Dried leaves and wood ash are applied to the furrows at fortnightly intervals and cow dung slurry is sprinkled. Application of different kinds of leaves at monthly intervals is found advantageous for the growth of the betel.

Betel leaf and Areca nut consumption in the world.

In about 3–6 months time, vines grow to a height 150–180 cm. At this stage branching is noticed in the vines. Leaves are removed along with the petiole with the right thumb. Once harvesting is commenced, it is continued almost every day or week. The interval of harvesting varies from 15 days to about a month till the next lowering of vines. After each harvest, manuring has to be done.

There are various types of leaves, the most popular being : Calcutta, Banarasi, Magahi, etc. In Bangladesh Dinajpur, Rangpur, Chittagong, Faridpur, Jessore, Narayanganj, Barisal and Sylhet are the areas producing the most betel. The harvested leaves are used both for domestic consumption and for export to Middle East, to European countries, USA, UK, Pakistan, and Myanmar. Paan is one of the major economic sources of rural Bangladesh. The best Betel leaf is the "Magadhi" variety (literally from the Magadha region) grown near Patna in Bihar, India. In Kerala, the famous variety of betel leaf is from Venmony near Chengannur and it is called "Venmony Vettila". Betel leaf cultivated in Tirur in Kerala, Hinjilicut in Odisha are of fine quality. Betel leaves exported from Tirur are famous in Pakistan as "Tirur Pan".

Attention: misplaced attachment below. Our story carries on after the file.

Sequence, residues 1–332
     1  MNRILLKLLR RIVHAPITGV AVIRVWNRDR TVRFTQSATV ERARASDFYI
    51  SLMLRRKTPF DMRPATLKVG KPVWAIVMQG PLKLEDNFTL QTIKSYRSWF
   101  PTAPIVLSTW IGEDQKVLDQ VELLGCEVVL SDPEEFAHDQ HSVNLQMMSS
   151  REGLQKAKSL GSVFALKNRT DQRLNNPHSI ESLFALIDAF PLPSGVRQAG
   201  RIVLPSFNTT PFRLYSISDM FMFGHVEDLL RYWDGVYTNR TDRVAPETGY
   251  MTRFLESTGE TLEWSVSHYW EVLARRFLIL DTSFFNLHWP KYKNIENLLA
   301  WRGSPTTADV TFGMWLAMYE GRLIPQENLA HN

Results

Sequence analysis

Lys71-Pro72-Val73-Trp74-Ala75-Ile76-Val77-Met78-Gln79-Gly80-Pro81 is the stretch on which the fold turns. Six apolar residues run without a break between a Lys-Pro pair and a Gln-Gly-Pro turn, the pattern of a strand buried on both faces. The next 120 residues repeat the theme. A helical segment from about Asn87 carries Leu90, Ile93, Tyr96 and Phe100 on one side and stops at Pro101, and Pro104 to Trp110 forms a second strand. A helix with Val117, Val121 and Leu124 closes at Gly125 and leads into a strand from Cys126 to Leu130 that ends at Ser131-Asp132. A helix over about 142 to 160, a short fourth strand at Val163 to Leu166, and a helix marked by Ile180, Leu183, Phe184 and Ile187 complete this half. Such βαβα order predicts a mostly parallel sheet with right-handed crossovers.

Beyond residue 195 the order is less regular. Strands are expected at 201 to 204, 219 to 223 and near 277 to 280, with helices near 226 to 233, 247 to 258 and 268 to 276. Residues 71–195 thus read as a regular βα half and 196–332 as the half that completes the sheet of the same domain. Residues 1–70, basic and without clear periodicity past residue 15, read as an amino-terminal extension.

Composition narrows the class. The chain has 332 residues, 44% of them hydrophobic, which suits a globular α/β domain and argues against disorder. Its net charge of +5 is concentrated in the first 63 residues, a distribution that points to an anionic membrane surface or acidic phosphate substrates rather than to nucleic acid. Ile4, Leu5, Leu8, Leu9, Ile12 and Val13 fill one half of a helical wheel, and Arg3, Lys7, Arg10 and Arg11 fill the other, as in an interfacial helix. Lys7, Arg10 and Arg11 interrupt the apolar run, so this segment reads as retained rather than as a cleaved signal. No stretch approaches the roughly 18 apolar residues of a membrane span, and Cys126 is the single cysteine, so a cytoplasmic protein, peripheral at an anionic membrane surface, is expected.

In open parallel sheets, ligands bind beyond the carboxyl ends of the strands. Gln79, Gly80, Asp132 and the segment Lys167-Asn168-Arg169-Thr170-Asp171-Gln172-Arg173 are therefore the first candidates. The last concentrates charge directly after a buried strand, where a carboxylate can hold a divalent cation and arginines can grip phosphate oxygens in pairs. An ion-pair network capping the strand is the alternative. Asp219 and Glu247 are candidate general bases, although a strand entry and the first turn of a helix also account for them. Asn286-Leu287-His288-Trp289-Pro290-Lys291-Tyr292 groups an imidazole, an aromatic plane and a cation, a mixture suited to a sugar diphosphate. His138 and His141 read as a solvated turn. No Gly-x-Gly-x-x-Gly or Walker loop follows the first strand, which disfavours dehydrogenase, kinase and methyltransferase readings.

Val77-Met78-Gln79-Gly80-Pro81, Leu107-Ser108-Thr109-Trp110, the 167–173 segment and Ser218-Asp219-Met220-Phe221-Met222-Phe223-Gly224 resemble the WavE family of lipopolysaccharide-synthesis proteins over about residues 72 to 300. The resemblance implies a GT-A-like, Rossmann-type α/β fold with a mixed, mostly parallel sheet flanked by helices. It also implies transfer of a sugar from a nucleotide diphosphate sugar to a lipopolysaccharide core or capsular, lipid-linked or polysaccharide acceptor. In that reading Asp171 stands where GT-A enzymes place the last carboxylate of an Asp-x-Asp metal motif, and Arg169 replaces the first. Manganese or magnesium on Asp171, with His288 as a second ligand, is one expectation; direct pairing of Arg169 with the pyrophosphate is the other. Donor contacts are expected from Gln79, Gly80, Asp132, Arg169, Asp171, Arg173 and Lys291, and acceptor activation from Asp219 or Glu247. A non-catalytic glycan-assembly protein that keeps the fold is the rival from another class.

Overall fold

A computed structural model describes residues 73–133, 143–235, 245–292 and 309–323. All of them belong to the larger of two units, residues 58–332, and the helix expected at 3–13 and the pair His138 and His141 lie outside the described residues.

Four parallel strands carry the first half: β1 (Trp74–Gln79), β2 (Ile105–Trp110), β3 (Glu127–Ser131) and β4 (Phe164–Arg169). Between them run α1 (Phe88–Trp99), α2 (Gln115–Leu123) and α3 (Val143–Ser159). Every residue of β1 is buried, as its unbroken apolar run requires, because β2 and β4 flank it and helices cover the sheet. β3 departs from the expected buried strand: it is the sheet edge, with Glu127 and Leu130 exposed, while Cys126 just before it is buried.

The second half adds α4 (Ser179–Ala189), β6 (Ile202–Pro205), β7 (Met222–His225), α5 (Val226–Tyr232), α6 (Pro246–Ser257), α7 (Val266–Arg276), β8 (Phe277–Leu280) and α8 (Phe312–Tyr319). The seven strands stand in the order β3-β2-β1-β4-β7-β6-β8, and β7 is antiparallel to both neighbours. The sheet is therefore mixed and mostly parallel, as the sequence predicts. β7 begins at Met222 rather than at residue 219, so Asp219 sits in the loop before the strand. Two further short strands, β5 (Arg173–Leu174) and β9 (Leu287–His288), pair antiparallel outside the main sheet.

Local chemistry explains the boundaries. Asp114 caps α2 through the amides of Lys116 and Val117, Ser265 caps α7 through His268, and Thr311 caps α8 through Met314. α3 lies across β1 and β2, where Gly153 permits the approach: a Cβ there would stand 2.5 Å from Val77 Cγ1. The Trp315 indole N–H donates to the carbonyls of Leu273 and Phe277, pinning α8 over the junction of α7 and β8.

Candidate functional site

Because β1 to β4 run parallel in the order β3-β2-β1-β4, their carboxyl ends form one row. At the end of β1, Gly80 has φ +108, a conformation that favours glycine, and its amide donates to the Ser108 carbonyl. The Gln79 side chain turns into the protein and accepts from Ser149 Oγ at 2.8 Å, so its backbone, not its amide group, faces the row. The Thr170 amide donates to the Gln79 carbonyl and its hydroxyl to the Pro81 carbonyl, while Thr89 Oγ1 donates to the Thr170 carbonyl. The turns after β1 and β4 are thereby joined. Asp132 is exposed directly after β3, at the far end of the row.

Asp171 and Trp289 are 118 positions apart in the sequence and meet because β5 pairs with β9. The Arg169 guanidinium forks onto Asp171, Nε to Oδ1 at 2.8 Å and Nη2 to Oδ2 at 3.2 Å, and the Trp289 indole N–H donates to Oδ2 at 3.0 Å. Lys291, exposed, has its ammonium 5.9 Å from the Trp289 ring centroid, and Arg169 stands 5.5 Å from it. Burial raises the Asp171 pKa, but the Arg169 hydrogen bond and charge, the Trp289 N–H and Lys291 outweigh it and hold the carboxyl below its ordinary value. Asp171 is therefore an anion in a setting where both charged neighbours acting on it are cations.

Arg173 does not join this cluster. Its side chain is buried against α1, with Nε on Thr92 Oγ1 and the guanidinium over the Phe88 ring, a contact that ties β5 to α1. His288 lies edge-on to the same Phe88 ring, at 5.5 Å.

The active ingredients of betel oil, which is obtained from the leaves, are primarily a class of allylbenzene compounds. Though particular emphasis has been placed on chavibetol (betel-phenol; 3-hydroxy-4-methoxyallylbenzene), it also contains chavicol (p-allyl-phenol; 4-allyl-phenol), estragole (p-allyl-anisole; 4-methoxy-allylbenzene), eugenol (allylguaiacol; 4-hydroxy-3-methoxy-allylbenzene; 2-methoxy-4-allyl-phenol), methyl eugenol (eugenol methyl ether; 3,4-dimethoxy-allylbenzene), and hydroxycatechol (2,4-dihydroxy-allylbenzene)[citation needed].

Several terpenes and terpenoids are present in the betel oil as well. There are two monoterpenes, p-cymene and terpinene, and two monoterpenoids, eucalyptol and carvacrol. Additionally, there are two sesquiterpenes, cadinene and caryophyllene.


Display of the items usually included in a chewing session. The leaves are folded in different ways according to the country and generally feature some calcium hydroxide daubed inside. Slices of the dry areca nut are on the upper left hand and slices of the tender areca nut on the upper right. The pouch on the lower right contains tobacco, a relatively recent introduction.